November 15th, 2002, 06:37 AM
I'm having some problems with performance in PostgreSQL. More precisely with “selects” from relatively large tables. If I select a field or every field from a table with about 200,000 records PostgreSQL will collect ALL records before outputting them. (On my system this takes more than 5 seconds)
On ORACLE I use “set optimizer_goal = first_rows” which will make ORACLE output the records immediately, rather than waiting for all rows to be read into memory.
I was wondering if there is a PostgreSQL equivalent to the “set optimizer_goal = first_rows” in ORACLE.
If there already is a thread on this subject then just spank me and direct me there.
November 15th, 2002, 08:44 AM
I will see if I can find a similar setting. What is your client environment? Are you querying over a network, or into some other programming environment, such as Perl DBI, PHP, etc...?
Why are you querying ALL records? I can hardly ever think of a situation where all records need to be fetched at one time, especially if you want the first few rows to be displayed at once. PostgreSQL has the LIMIT row, [offset] method, which allows you to grab any distinct set of rows from a SELECT query. This is great for paging results, etc...
November 15th, 2002, 10:49 AM
The environment is an ANSI C program on a Solaris server.
About querying all records, we use that a lot in our program since most of the logic is in the program itself. In reality we don't need all records, but we ask the database for them and cancel the query when we don't need anymore.
We try to make our program virtually independent of what database system it is running on, Oracle, Informix, Nonstop SQL, DB2 and PostgreSQL(I hope).
Thanks for looking for a similar setting.
November 16th, 2002, 06:08 PM
Well, I have never done C programming with PostgreSQL, so I don't know if I can be much help, but you might want to look here.
Perhaps you've heard of Views? Stored procedures? These provide great ways to separate the client program from the internal logic of the database. Keeping all your logic in the code, in order to avoid using the capacities of an SQL DBMS seems to me like walking to avoid the issues of learning manual versus stick shift .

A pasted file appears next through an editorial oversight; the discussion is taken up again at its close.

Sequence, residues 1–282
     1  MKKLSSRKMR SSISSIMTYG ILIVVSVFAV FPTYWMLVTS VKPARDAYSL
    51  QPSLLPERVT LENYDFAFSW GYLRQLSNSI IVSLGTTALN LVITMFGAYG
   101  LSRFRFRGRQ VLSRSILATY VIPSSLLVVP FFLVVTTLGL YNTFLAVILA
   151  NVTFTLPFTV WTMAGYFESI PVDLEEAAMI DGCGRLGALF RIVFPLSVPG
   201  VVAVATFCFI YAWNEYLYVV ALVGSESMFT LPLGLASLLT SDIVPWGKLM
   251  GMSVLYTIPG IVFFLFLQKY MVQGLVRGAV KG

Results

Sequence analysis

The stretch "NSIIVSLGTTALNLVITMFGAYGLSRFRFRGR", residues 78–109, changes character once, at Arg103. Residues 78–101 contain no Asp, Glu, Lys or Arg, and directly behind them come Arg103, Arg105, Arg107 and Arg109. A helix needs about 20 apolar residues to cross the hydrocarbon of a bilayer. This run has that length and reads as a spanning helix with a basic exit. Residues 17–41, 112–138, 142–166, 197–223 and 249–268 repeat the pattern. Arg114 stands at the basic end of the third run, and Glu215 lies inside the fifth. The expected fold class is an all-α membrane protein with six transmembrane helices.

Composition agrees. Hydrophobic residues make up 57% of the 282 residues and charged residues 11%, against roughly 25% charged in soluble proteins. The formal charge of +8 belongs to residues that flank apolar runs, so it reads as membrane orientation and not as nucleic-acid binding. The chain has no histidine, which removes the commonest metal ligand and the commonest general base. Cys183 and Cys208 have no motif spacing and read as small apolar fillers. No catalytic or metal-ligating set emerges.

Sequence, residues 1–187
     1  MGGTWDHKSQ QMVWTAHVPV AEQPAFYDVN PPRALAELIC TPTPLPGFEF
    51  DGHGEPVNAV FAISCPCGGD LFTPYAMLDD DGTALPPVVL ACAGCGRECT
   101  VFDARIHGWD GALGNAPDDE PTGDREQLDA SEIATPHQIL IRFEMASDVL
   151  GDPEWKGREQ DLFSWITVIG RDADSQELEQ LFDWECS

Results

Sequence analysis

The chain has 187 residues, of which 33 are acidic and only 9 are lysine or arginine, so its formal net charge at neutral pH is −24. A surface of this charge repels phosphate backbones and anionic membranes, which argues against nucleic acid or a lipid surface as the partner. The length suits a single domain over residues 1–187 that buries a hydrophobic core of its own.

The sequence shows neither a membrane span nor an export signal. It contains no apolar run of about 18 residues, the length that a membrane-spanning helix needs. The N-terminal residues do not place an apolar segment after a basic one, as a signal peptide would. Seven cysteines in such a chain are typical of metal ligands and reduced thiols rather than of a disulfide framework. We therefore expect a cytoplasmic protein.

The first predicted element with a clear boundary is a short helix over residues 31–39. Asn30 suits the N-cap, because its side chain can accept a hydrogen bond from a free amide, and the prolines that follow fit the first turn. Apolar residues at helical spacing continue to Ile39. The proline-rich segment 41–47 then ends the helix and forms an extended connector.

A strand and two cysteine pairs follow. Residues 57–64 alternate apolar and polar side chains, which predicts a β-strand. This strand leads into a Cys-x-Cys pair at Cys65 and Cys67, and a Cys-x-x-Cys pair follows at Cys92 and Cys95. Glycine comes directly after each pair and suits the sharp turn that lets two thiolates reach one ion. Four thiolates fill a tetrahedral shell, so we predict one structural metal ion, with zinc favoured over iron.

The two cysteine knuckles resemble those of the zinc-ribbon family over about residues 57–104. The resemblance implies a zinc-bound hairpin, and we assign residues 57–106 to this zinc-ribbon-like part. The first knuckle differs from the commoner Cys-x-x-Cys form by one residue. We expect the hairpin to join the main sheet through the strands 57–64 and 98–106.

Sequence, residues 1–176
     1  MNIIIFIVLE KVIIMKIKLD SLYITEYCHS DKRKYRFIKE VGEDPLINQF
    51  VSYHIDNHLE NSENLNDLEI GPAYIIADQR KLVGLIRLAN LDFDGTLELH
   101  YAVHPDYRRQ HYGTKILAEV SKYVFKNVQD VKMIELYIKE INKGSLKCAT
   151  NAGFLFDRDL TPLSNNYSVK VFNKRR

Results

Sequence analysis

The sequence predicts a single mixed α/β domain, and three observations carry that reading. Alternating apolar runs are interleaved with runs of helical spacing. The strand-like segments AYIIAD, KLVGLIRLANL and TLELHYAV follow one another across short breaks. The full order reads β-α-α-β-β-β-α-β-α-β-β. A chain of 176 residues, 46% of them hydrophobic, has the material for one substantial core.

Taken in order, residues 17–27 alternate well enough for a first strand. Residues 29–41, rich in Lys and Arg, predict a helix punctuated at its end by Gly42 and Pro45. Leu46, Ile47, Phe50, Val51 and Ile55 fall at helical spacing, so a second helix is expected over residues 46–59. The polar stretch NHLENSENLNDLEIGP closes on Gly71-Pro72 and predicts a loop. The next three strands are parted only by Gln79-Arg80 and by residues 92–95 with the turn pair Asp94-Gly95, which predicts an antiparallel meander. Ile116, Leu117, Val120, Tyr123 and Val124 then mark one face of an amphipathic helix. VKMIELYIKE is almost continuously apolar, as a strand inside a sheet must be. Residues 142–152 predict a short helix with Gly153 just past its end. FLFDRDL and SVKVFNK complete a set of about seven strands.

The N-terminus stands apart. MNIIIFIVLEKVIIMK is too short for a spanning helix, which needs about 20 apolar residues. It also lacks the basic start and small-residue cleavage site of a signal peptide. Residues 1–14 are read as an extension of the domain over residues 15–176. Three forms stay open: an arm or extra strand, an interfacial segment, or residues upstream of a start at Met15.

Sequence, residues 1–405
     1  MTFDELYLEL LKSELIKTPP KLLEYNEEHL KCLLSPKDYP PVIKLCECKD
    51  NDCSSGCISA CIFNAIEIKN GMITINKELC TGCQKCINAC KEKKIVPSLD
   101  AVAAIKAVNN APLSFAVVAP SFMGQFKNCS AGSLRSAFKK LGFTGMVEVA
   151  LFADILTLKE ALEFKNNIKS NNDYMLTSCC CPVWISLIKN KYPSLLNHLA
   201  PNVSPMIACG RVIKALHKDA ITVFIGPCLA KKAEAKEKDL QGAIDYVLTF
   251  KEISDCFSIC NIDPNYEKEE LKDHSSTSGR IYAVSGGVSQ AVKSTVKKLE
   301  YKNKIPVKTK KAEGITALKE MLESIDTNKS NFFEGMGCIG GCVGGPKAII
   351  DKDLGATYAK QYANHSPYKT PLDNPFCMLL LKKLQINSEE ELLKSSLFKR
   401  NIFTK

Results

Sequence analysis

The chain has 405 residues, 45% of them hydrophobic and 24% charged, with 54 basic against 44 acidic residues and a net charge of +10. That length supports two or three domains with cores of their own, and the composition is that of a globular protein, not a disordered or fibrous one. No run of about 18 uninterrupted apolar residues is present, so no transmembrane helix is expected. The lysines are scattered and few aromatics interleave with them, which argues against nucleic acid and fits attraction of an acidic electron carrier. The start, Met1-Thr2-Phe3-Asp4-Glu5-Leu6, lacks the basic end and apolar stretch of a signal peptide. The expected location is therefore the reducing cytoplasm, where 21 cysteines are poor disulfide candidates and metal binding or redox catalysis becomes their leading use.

Personally, I think the time you are gaining in portability issues will be completely lost in data logic and integrity issues. Plus, what do you do if another application wants to access the same database?
November 19th, 2002, 07:35 AM
Thanks for responding!
I understand your views but we cannot afford major changes in the code to facilitate PostgreSQL. The strength of our software is that it is independent of the database its running on.
The fact is that no database system can supply all the features we need so we will keep the logic in the program.
Well as long as they aren't changing data it isn't a problem. All changes to the database MUST be done by our software.
Simply put, what we need is a way to flush the result of the query to the program while the query is still running.
Last edited by Max Renn; November 19th, 2002 at 07:39 AM.
November 19th, 2002, 11:56 AM
Did that libpq link above provide any help? You might try searching through http://archives.postgresql.org/
I am not talking about changing code for PostgreSQL. I am talking about at least minimally programming for some portability.
The fact is, you made a very non-portable choice when you decided to use Oracle's "set optimizer_goal = first_rows" syntax. Such a method is not an ANSI SQL implementation, and is hardly likely to be the same throughout database systems.
Every DBMS has a method to return a limited number of rows from a large query. I believe the only differences are minimal. In most DBMS's such as Oracle, SQL Server, etc... the syntax is TOP [integer], while in PostgreSQL and a few others, it is LIMIT [integer].
So at most, you have a few character's difference, and you can get this functionality accross database systems.
On the other hand, SQL offers many, many ways to shield your application from syntax differences, so you don't need to change application code at all to access extra functionality. The idea is to push the syntax differences inside the database, so your application doesn't even need to know the differences. All it knows is that it sends a certain query or calls a certain procedure, and receives a set of results.
Views and stored procedures, for example, are available in any serious DBMS. Also, all serious DBMS systems have CURSOR handling, which is another great way to handle limiting and paging results from a large query. (http://www.postgresql.org/idocs/inde...l-declare.html, http://www.postgresql.org/idocs/inde...l-cursors.html). Combining stored procedures with cursors is a very standard way of working with databases in C.